Water Polo Points of Emphasis -2020-22

By NFHS on July 22, 2020 water polo Print

Putting the Ball Into Play

Putting the ball into play (or making a ball “live”) is defined as a player, who is clearly in a position most readily to take the free throw, having clear separation with the ball and hand above the water. The ball becomes live upon the release. Methods of putting the ball into play are: (1) passing the ball, (2) dropping the ball onto the water from a raised hand, (3) popping the ball up out of the hand, (4) tossing or placing the ball before swimming, and (5) transferring the ball from one hand to another above the water. Other actions such as faking, spinning the ball in the hand, and transferring the ball from one hand to another on the surface of the water no longer constitutes putting the ball in play. The rule change was made in order to support new methods of scoring from outside of 6 meters and from corner throws. Coaches are encouraged to teach players how to put the ball in play and when a ball becomes “live” in accordance with this change. This rule change will also provide clarity as to when the ball is put into play.

New Methods of Scoring

The NFHS has adopted several changes that will enhance a team’s opportunity to score a goal.
1. Scoring outside of 6 meters - The player may now score by:

  • An immediate direct shot after being fouled outside of 6 meters (this method of scoring is no longer allowed at 5 meters);
  • Putting the ball into play (making themselves “live”) then moving anywhere in the field of play to shoot.

For a foul to be determined outside of 6 meters both the ball and the player must be completely outside the 6-meter line. As part of these changes, the 6-meter line (yellow) has been established as a visible marking to the course and the 5-meter line (red) will now be only used for penalty shots.
2. Scoring on a corner throw - Once a corner throw has been awarded, a player may score by:

  • Taking an immediate direct shot after being awarded a corner throw; 
  • Putting the ball into play (making themselves “live”) then shoot, or swim any where in the field of play and shoot.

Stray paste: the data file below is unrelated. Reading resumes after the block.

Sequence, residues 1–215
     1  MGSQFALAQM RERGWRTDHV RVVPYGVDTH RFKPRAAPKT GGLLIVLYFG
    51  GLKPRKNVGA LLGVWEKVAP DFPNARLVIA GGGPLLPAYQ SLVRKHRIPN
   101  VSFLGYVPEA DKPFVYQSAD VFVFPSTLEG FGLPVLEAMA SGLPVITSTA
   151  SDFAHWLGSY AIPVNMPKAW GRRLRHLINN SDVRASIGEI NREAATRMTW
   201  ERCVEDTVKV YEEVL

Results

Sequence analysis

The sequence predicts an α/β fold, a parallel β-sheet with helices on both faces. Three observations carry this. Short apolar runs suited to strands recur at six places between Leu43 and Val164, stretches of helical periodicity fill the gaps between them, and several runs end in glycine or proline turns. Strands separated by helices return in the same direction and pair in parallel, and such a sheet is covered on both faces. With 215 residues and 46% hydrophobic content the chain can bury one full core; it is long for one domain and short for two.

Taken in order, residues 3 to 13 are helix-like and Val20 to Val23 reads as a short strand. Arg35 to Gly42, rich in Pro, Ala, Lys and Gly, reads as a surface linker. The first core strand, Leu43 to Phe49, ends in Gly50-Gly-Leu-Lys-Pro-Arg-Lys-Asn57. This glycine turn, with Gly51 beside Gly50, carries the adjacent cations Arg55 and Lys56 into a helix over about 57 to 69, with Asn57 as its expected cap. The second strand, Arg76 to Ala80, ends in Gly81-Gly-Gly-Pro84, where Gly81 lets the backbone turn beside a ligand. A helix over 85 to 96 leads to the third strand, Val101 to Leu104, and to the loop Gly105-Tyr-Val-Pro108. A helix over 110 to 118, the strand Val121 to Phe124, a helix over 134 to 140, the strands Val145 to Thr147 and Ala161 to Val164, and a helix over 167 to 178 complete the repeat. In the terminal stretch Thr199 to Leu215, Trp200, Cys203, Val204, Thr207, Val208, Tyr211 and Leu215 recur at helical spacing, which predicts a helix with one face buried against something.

By increasing methods and options for scoring there will be greater offensive spacing and improved game flow. These changes will also open up the center forward position and make the 2-meter area more accessible within the flow of the game.

Player Advantage Inside 6 Meters

A player inside of 6 meters who has established a position of advantage in a “probable goal” scenario who is then fouled or impeded from behind, will be awarded a penalty shot regardless of whether or not they are holding the ball. The referee must first allow the player to complete the action before awarding the penalty. It is important to understand that the release of the ball by the offensive player is not a factor in the official awarding a penalty shot. It is also important to understand that this is in a “probable goal” scenario. Thus, all three factors should be present in order for an official to reward a penalty shot: The player is (1) inside the 6-meter area, (2) has established position and is (3) fouled or impeded from behind. This rule change will promote freedom of movement and reduce player risk within the high impact moments of the game.

Leaving the Field of Play

A player, without leaving the water, may leave the field of play anywhere under the sideline or goal line. However, the player or the substitute must re-enter the field of play from the re-entry area nearest their goal line unless a stoppage has occurred such as a goal, time-out, or end of the period. This change has been added to reduce risk to players. A player who is injured must be able to immediately remove him/herself from the field of play if necessary. It is important to understand and instruct that a violation occurs only when a player leaves the water or re-enters the game illegally.

Goalkeeper Privileges

A goalkeeper may now move past half court and can become part of the offense. The goalkeeper may now take part in a shootout as a shooter or take a penalty shot. If a goalie is excluded another goalie may be substituted for an existing field player during the exclusion time. An exclusion is on the player, not the position. By allowing the goalkeeper to partic- ipate offensively it provides more scoring options for teams and encourages more tactical adjustments in different game scenarios.